Canebrake Rattlesnake

Created by Adrienne Wood


Scientific name: Crotalus Horridus

Common names are the timber rattlesnake, canebrake rattlesnake or banded rattlesnake.


The canebrake rattlesnake moves in serpentine movement.
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Considerable geographic and ontogenetic variation occurs regarding the toxicity of the venom, which can be said for many rattlesnake species. Four venom patterns have been described for this species: Type A is largely neurotoxic, and is found in various parts of the southern range. One effect of the toxin can be generalized myokymia. Type B is hemorrhagic and proteolytic, and is found consistently in the north and in parts of the southeast. Type A + B is found in areas where the aforementioned types apparently intergrade in southwestern Arkansas and northern Louisiana. Type C venom has none of the above components and is relatively weak.


Because venom is costly for a rattlesnake to produce, and you are not considered food, a snake often will not actively inject venom when it bites. In fact, nearly half of all canebrake rattlesnake bites to humans contain little to no venom, commonly referred to as dry or medically insignificant bites. Death due to a rattlesnake bite is unlikely. Canebrake rattlesnake bites in Minnesota are rare. Most bites result from people intentionally handling rattlesnakes and often involve the use of alcohol or drugs.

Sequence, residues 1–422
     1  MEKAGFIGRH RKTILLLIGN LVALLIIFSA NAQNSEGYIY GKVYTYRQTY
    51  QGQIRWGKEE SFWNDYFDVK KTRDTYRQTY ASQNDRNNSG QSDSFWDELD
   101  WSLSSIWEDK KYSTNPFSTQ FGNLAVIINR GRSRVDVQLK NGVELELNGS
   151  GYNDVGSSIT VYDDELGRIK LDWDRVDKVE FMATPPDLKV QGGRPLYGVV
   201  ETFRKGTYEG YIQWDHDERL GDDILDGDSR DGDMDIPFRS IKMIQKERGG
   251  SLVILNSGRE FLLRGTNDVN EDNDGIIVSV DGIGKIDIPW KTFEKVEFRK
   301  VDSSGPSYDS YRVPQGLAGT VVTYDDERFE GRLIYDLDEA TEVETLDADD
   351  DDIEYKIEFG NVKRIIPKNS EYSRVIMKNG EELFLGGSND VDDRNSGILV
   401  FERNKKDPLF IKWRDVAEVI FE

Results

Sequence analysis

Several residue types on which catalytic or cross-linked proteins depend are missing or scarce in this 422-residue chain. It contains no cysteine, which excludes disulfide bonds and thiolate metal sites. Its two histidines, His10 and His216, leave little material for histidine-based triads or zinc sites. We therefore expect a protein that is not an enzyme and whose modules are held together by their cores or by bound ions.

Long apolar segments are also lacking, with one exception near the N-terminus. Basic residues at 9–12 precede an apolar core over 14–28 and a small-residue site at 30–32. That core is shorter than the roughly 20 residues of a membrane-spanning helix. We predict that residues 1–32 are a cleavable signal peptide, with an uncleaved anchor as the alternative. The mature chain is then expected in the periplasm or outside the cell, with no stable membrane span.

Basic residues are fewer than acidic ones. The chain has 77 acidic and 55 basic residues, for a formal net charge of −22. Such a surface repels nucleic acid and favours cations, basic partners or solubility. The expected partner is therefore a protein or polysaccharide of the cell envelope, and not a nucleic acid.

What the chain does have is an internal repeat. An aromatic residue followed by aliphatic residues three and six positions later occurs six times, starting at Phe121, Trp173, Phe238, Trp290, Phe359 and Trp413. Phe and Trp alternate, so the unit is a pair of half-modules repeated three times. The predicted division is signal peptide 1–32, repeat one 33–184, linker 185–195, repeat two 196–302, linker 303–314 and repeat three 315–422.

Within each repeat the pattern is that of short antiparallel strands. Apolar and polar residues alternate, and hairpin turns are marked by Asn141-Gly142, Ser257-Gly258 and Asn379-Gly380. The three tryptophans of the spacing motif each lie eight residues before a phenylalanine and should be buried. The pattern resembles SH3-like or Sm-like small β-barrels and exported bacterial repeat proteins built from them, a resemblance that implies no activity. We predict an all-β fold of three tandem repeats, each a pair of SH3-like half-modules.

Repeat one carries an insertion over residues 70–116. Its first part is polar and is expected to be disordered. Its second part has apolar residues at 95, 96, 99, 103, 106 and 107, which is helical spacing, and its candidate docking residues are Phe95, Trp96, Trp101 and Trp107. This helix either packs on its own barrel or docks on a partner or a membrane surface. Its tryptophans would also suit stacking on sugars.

Their prey are mainly small mammals, but may include small birds, frogs, mice, other small animals, or other snakes. Although capable of consuming other rattlesnakes, the most common snakes they eat are garter snakes. Like most rattlesnakes, canebrake rattlesnakes are known to utilize chemical cues to find sites to ambush their prey and will often strike their prey and track them until they can be consumed. Canebrake rattlesnakes are known to use fallen logs as a waiting site for prey to pass by, giving them an elevated perch from which to effectively strike their prey, which is almost entirely terrestrial rather than arboreal (even arboreal prey such as squirrels tends to be caught when they come to the ground).


Usually found in the eastern United Sates from southern Minnesota and southern New Hampshire, south to east Texas and north Florida.


Generally, this species is found in deciduous forests in rugged terrain.

During the summer, gravid (pregnant) females seem to prefer open, rocky ledges where the temperatures are higher, while males and nongravid females tend to spend more time in cooler, denser woodland with more closed forest canopy. Females often bask in the sun before giving birth, in open rocky areas known as "basking knolls".

During the winter, canebrake rattlesnakes brumate in dens, in limestone crevices, often together with copperheads and black rat snakes.